COLUMBIA — The flu season is reaching its peak in Boone County, but the number of cases being reported thus far is far fewer than last year.
A total of 141 cases of influenza have been reported in Boone County during the flu season that started Oct. 1, compared to 913 at this point during the 2012-13 flu season, according to the Missouri Department of Health and Human Services. The numbers are based on reports from hospitals, doctors and clinics.
Last year's season peaked early, with a spike of strain B in October and November, and a spike in strain A in January and February.
The flu has been most prevalent among people ages 25 to 49, with 47 cases of Influenza A, and two cases of Influenza B reported. People ages 50 to 64 were second with 31 cases of Influenza A and no cases of Influenza B.
Andrea Waner, spokeswoman for the Columbia/Boone County Department of Health and Human Services, said it's important to keep in mind that not everyone who contracts the flu visits the doctor to have the diagnosis confirmed with either a blood or rapid test.
Flu vaccinations are still available at pharmacies and clinics. The city-county health department offers the vaccines at its headquarters at 1005 W. Worley St.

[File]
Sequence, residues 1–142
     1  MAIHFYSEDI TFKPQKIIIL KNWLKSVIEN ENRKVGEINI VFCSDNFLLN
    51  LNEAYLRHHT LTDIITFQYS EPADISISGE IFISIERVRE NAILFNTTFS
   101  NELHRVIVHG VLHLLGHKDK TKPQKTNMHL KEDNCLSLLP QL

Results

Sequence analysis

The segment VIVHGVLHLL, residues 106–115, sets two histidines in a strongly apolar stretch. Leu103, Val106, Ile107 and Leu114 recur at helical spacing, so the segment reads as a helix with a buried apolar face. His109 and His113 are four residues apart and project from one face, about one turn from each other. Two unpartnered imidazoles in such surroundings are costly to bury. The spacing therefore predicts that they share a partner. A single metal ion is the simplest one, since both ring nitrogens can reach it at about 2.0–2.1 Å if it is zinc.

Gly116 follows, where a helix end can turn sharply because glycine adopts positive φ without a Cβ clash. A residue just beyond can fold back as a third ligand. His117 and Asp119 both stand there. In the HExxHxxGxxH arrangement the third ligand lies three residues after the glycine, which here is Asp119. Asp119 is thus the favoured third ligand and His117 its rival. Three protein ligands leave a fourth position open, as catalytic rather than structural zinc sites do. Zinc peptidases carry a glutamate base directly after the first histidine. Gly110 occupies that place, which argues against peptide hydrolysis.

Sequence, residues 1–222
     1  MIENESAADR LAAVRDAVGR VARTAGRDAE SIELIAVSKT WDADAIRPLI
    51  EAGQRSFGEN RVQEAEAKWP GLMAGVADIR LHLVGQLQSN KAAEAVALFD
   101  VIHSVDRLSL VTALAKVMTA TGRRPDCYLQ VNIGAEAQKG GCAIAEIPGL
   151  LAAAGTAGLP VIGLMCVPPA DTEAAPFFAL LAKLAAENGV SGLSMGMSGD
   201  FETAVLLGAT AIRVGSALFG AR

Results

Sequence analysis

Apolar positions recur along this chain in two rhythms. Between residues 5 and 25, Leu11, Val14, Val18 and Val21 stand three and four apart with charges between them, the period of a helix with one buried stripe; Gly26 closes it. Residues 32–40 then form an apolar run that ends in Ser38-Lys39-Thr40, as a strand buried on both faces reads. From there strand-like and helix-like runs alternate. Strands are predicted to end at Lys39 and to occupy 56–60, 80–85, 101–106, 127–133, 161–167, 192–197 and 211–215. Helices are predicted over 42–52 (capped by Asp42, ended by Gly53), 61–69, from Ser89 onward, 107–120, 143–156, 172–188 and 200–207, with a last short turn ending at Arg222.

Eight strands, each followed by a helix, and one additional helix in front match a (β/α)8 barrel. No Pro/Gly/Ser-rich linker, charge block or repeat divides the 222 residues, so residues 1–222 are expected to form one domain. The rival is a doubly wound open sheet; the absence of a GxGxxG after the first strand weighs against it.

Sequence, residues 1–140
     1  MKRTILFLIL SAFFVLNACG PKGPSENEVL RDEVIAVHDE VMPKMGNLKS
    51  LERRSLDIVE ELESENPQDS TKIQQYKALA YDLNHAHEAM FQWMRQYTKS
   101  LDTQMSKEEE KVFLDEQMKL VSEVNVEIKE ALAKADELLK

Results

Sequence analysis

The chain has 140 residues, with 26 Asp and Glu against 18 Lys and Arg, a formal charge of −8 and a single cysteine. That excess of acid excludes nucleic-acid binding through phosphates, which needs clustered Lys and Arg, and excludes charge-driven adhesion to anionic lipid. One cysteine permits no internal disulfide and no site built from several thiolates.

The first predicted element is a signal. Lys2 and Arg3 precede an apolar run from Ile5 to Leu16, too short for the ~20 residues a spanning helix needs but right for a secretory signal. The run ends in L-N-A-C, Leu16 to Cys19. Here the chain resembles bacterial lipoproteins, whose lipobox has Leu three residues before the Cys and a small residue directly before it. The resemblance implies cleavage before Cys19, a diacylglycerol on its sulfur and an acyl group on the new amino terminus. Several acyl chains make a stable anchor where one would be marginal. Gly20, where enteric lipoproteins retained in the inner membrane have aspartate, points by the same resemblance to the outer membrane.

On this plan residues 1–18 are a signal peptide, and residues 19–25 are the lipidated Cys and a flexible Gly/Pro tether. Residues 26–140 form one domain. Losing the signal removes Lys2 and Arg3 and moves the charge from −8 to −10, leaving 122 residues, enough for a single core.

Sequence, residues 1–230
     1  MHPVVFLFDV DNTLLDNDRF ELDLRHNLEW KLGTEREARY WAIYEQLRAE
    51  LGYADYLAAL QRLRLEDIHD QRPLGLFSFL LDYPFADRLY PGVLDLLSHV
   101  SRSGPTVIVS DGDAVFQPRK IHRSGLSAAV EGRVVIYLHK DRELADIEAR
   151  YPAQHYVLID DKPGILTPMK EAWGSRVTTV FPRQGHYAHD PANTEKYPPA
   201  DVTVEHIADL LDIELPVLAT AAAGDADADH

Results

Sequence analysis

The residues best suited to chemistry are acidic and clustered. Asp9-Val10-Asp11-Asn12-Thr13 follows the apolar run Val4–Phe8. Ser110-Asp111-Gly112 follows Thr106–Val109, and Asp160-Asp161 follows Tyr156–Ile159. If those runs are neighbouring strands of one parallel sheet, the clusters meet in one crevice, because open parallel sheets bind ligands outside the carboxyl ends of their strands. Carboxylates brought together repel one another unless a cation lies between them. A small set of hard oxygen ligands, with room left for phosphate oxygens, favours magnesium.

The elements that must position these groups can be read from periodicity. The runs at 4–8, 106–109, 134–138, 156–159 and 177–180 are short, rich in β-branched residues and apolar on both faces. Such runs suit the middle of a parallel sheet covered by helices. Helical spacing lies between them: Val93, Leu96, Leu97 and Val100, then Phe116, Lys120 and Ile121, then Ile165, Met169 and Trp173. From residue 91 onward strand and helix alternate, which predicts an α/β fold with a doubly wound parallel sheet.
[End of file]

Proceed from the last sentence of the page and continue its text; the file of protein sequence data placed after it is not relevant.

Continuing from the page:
The health department so far has given a total of 12,548 vaccinations. That includes 7,561 preschool, elementary and middle school students, or 42 percent of the students enrolled in those grades. That percentage is higher than in previous years, said Lori Osborn, coordinator of health services for Columbia Public Schools. Those students received vaccines in their schools.
The school district each year receives an anonymous donation that “ensures all students grades preschool through eighth were eligible to receive a free vaccination with parent permission,” school district spokeswoman Michelle Baumstark said. High school students can still receive free vaccines through the health department.
Baumstark said all Columbia Public Schools employees are eligible to receive vaccines, as well.
The health department has no way of knowing how many school children receive vaccines from their family doctors or at clinics, but Osborn said in an email that far more than 42 percent of the student population in preschool through eighth grade has been vaccinated.
Osborn said nurses educate students and faculty on the importance of “good cough and hand hygiene, not sharing items (water bottles, eating utensils, etc.), staying home when ill and obtaining the seasonal flu vaccine.”
The number of student visits to school nurses remained consistent during December and January, Osborn said. She monitors the number of visits weekly.
Waner said the county is trying to compile data to determine whether the incidence of flu this season is on the rise or declining. Statewide data show there were 714 fewer cases reported during the second week of January than there were in the last week of December.
Supervising editor is Scott Swafford.